(Gathered around C. G. Jung’s Red Book: Dr. Larry Allums, Dr. Joan Arbery, and I. Thanks to the Dallas Institute for the photo.)
This summer, for the sixth time, I had the joy and honor of serving on the faculty of the Sue Rose Summer Institute for Teachers at the Dallas Institute of Humanities and Culture. (It was my fifth summer as full faculty member; in my initial, “junior faculty” year in 2011, I mainly observed but also gave some morning remarks and an afternoon lecture.) What makes this Summer Institute stand out, or one of many things, is its focus on literature itself. We alternate between epic (in even-numbered years) and tragedy and comedy (in odd-numbered years); in epic summers, we read the Iliad, the Odyssey, the Aeneid, the Divine Comedy, Moby-Dick, Mwindo, Monkey, parts of Popol Vuh and Paradise Lost, and numerous poems, essays, speeches, and other works–all of this in three weeks. Jennifer Dubin’s article “Promethean Summer” (American Educator, Spring 2014) describes the program vividly.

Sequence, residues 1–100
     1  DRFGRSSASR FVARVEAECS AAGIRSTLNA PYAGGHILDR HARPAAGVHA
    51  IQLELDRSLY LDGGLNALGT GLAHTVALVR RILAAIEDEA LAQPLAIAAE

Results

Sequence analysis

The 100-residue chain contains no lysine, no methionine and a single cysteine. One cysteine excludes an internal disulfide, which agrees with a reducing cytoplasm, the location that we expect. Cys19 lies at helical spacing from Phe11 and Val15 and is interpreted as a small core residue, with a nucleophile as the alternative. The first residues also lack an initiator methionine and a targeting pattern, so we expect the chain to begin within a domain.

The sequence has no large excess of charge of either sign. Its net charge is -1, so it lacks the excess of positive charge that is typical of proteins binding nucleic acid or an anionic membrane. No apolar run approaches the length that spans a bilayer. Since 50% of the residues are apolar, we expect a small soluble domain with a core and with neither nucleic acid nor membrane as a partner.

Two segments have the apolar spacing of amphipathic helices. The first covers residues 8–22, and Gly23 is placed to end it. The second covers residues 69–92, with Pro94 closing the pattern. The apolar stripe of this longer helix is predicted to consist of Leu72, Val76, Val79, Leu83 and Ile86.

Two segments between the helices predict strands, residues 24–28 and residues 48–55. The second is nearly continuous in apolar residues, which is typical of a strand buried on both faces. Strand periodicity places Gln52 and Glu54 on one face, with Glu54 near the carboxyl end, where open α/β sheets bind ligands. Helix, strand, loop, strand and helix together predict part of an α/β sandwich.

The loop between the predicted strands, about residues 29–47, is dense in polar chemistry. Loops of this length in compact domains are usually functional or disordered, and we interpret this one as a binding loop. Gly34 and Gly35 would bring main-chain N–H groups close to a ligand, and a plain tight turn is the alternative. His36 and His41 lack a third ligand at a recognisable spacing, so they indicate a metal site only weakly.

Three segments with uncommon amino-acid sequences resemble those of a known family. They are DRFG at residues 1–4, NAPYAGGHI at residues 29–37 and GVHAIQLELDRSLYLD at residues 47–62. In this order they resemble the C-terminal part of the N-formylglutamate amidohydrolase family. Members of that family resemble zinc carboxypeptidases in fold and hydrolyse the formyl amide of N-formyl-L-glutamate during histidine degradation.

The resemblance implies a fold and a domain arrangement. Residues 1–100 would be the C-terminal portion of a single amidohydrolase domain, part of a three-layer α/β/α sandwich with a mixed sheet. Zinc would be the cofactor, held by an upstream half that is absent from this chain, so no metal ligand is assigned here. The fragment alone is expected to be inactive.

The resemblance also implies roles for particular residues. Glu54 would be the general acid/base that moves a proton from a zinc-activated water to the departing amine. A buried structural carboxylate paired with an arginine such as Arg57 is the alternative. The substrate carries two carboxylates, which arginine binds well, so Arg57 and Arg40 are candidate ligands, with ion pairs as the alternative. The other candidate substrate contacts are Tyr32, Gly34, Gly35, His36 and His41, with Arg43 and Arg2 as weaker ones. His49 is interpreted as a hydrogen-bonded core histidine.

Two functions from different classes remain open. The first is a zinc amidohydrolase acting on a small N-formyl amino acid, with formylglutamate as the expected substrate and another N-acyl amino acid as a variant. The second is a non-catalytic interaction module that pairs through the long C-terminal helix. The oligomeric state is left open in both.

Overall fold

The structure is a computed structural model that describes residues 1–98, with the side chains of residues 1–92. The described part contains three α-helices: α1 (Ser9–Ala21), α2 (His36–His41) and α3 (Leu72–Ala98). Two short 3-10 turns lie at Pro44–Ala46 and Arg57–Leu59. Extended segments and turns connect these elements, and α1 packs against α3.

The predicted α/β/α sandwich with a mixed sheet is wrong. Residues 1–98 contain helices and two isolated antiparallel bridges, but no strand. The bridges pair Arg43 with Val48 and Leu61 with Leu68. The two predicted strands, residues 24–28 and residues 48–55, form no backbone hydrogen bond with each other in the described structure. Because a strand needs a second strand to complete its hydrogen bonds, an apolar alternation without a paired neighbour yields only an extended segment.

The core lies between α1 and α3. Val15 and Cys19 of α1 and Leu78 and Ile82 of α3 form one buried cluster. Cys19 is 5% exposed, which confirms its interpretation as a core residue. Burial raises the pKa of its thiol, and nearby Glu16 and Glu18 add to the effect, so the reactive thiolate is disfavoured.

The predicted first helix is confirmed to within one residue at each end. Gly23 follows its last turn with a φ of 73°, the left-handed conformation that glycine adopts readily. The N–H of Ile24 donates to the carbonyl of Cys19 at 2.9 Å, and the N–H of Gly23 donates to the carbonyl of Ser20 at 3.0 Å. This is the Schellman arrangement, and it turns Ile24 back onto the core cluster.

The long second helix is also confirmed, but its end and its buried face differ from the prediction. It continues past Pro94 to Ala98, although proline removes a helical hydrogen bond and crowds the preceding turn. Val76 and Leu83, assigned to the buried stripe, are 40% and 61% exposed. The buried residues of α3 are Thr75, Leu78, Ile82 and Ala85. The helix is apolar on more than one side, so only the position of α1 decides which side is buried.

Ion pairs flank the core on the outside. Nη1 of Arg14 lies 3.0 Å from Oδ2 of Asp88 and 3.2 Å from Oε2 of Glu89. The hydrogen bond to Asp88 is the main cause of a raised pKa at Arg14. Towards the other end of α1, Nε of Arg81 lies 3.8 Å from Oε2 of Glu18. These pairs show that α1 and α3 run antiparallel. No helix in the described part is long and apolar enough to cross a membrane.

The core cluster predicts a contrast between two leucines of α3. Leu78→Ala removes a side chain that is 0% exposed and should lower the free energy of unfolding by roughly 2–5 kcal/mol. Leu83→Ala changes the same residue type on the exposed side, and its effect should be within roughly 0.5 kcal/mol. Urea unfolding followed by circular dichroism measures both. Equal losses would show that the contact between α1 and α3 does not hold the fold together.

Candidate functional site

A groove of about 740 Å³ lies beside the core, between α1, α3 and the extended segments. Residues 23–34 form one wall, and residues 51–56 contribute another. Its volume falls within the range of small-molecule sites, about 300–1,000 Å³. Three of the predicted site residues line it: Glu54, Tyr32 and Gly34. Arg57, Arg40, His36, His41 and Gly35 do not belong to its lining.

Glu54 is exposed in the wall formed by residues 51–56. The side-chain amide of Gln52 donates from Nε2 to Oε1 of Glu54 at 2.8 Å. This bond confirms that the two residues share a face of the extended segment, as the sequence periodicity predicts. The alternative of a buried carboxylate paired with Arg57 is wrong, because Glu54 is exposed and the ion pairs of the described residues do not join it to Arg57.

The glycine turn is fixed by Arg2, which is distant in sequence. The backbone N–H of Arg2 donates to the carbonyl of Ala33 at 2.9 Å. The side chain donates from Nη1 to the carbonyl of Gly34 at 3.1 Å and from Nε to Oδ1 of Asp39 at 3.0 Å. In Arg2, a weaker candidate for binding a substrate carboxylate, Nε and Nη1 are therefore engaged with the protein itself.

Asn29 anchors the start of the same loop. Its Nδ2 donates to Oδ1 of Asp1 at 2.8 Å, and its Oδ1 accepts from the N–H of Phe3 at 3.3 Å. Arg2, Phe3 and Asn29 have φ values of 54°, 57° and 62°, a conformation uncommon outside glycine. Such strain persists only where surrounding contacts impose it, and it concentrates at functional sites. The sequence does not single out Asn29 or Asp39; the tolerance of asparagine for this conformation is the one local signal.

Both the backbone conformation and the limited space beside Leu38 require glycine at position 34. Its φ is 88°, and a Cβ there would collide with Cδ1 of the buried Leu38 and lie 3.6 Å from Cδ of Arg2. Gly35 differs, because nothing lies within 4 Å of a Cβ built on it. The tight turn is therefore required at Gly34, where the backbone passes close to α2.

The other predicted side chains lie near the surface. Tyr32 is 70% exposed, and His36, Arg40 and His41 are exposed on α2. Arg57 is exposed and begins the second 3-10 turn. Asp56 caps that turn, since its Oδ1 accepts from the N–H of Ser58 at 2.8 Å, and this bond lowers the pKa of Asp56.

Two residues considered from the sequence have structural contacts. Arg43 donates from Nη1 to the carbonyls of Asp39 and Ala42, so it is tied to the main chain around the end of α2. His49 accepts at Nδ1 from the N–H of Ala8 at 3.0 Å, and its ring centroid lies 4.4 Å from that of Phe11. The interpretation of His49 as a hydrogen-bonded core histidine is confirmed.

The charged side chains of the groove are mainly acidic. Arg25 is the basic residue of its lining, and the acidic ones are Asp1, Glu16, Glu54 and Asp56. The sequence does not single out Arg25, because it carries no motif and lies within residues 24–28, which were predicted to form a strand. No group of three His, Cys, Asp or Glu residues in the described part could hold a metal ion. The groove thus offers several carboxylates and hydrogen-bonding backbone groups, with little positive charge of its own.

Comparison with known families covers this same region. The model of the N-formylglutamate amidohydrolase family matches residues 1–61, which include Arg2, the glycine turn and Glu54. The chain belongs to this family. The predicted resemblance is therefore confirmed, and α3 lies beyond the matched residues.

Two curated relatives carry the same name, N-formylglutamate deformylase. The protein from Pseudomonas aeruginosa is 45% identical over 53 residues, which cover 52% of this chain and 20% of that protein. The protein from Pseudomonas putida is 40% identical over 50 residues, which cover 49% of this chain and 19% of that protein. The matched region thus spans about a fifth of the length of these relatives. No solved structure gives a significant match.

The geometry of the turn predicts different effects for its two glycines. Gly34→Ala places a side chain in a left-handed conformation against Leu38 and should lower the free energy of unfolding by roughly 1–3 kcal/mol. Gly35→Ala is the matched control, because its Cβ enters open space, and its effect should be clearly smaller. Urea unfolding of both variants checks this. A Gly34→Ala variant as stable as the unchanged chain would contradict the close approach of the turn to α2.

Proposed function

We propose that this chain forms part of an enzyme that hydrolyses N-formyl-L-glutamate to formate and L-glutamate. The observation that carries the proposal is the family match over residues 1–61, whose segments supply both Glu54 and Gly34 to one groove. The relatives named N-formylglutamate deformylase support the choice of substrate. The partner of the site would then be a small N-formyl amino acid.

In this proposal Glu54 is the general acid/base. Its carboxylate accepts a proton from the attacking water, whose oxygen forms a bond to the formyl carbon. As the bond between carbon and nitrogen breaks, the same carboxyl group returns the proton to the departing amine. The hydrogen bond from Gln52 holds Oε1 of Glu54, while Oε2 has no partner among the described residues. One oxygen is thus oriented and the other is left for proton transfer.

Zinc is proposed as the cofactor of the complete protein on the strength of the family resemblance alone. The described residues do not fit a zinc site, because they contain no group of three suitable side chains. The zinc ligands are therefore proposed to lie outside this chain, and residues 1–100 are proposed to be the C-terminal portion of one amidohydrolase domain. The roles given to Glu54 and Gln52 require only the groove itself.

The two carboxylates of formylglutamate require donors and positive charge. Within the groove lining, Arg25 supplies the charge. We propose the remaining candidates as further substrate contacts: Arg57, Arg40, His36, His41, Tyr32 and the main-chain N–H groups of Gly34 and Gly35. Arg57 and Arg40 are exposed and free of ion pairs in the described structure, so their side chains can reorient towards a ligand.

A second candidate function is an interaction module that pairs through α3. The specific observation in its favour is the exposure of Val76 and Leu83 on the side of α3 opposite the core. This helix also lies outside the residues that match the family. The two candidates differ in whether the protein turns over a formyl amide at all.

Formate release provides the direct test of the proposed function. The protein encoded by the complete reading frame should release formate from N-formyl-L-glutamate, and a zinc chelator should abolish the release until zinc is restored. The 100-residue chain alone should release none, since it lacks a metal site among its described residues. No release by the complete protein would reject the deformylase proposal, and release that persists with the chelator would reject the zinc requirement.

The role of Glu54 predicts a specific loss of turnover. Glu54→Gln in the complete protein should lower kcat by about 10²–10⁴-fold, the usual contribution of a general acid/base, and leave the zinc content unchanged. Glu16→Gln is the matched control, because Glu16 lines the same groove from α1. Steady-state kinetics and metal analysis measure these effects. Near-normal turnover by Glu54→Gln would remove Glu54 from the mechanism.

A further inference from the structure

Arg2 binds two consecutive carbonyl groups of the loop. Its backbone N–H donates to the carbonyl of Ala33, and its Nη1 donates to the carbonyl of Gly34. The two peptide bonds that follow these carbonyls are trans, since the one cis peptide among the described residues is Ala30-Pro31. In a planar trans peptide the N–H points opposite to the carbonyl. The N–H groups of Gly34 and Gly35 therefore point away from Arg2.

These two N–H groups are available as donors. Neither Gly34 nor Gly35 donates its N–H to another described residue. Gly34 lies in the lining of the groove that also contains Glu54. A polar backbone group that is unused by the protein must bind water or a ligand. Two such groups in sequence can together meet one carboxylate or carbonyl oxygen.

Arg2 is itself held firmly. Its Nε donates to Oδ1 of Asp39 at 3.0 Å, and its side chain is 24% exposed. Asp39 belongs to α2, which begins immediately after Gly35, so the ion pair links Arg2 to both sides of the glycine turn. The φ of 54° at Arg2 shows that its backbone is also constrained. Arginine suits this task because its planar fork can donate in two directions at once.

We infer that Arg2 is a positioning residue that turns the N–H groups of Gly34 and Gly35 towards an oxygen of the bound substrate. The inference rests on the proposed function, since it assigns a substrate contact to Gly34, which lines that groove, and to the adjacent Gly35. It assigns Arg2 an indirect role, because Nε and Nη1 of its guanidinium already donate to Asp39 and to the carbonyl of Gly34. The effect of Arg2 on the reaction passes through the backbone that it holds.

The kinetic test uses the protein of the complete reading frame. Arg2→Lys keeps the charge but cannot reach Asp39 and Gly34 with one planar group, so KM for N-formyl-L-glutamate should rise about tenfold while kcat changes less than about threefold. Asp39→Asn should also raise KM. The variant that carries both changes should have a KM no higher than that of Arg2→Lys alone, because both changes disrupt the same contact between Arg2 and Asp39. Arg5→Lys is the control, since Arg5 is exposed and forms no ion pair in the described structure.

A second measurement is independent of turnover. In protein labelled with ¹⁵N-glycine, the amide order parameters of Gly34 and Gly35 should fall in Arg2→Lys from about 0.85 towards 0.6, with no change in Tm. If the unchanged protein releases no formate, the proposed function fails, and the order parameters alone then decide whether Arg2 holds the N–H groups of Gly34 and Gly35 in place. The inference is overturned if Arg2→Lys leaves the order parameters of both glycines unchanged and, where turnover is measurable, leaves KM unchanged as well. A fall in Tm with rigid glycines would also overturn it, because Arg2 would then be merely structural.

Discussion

Although the reading is intense and the course very short, we have room to discuss the works in depth–precisely because of the focus. I cherish the substance of the course (the works themselves), the practice of coming together over literature, and the beautiful concentration. I hope to continue on the faculty for many more years.
Now I have turned my attention to my book, as well as college recommendations and two papers for the ALSCW Conference (Association of Literary Scholars, Critics, and Writers). The book’s working title (which may change) is Take Away the Takeaway (the title of the talk I gave in April at TEDx Upper West Side, the video of which should be available sometime this month).
I know that I will miss my school this year, but it is a privilege to be able to focus on writing (and one or two other big things, including a course I will take this year in advanced cantillation). Focus and stretches of time are some of the greater goods of life; to some degree they can be found in any given moment, but they also depend on the structures of our days. For years I have been building this structure; now I get to live in it for a while. I hope to do it justice.